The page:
Some electromagnetic waves can be used in medicine for imaging purposes, which allows doctors to explore what is happening inside a person's body without having to perform surgery.
Infrared radiation is used in thermal imaging to produce a thermogram - an image of the body showing areas of different temperature. This helps doctors to diagnose patients, as parts of the human body may emit more infrared if they are hot due to infection or injury. A charged coupled device (CCD) absorbs infrared radiation to produce an image. Each pixel in the CCD detects the infrared radiation and the data can be processed using a computer.
X-rays can kill cancer cells. Directing an X-ray beam onto skin cancer cells, or cancer cells inside the body, can help to cure cancer. X-rays can also be used to produce images of the internal structure of the body, helping doctors to determine whether bones are broken or fractured. This is because X-rays are absorbed by dense material such as bone, but pass through soft tissue. Once they have passed through the body, X-rays will darken a photographic film, allowing any fractured or broken bones to be identified.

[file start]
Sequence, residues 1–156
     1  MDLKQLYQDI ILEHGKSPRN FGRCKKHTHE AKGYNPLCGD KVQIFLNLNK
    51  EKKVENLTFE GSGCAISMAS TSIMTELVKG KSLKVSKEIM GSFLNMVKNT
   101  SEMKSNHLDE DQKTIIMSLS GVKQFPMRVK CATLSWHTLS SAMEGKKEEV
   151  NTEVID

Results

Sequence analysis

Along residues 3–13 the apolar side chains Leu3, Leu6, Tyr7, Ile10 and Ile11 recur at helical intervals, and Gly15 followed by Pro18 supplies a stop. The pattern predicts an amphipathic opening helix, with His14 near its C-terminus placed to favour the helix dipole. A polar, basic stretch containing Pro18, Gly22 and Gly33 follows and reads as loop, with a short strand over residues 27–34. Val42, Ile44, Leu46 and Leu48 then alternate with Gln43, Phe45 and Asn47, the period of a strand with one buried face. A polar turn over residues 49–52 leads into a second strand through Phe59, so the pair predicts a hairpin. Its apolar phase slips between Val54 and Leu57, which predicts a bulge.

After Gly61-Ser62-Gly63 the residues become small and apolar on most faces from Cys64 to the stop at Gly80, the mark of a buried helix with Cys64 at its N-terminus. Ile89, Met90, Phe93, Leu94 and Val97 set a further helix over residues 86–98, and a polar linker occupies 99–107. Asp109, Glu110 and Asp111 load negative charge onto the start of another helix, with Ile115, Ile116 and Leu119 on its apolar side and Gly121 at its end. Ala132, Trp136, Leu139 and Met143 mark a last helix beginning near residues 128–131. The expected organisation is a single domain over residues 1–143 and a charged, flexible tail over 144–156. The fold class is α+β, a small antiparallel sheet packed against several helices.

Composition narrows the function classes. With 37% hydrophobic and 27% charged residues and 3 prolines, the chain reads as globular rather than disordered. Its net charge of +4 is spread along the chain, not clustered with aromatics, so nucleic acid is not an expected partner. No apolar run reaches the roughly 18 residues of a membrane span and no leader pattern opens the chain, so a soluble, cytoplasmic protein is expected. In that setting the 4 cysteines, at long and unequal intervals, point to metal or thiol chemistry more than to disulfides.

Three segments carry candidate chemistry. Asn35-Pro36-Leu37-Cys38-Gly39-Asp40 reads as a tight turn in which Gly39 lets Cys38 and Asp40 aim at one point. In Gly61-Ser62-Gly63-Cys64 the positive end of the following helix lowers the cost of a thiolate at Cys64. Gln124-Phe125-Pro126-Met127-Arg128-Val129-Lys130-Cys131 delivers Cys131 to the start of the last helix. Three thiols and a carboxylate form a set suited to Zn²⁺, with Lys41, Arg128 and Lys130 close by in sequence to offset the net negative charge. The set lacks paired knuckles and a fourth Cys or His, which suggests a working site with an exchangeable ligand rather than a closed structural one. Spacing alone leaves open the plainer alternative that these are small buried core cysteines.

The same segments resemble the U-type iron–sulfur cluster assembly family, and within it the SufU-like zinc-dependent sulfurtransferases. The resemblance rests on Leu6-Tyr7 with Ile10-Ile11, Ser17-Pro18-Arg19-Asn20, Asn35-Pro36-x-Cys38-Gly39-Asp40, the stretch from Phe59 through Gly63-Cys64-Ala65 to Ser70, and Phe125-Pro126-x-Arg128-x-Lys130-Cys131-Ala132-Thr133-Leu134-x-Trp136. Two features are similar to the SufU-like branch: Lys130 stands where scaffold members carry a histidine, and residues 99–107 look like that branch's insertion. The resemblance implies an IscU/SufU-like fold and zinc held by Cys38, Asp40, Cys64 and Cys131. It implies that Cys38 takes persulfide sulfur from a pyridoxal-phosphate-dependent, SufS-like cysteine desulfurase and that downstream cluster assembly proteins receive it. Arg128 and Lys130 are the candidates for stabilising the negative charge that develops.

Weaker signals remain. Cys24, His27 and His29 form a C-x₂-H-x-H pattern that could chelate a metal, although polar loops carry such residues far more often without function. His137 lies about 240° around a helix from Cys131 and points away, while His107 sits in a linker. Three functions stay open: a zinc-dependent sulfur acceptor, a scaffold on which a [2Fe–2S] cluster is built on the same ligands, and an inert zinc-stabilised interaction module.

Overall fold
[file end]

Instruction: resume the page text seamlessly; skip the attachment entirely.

A CCD can also detect X-rays. A computer can use the data collected by the CCD to make an image of a slice through a person's body. This is called computerised tomography (CT).
Gamma rays are emitted from the nuclei of atoms. They have high energy and can kill cancer cells, as well as bacteria on food. They can also be used as a medical tracer. When gamma rays are used as medical tracers, a chemical containing the rays is injected into the body of a patient. An image is then formed when the gamma rays travel out of the body and are detected by a gamma camera.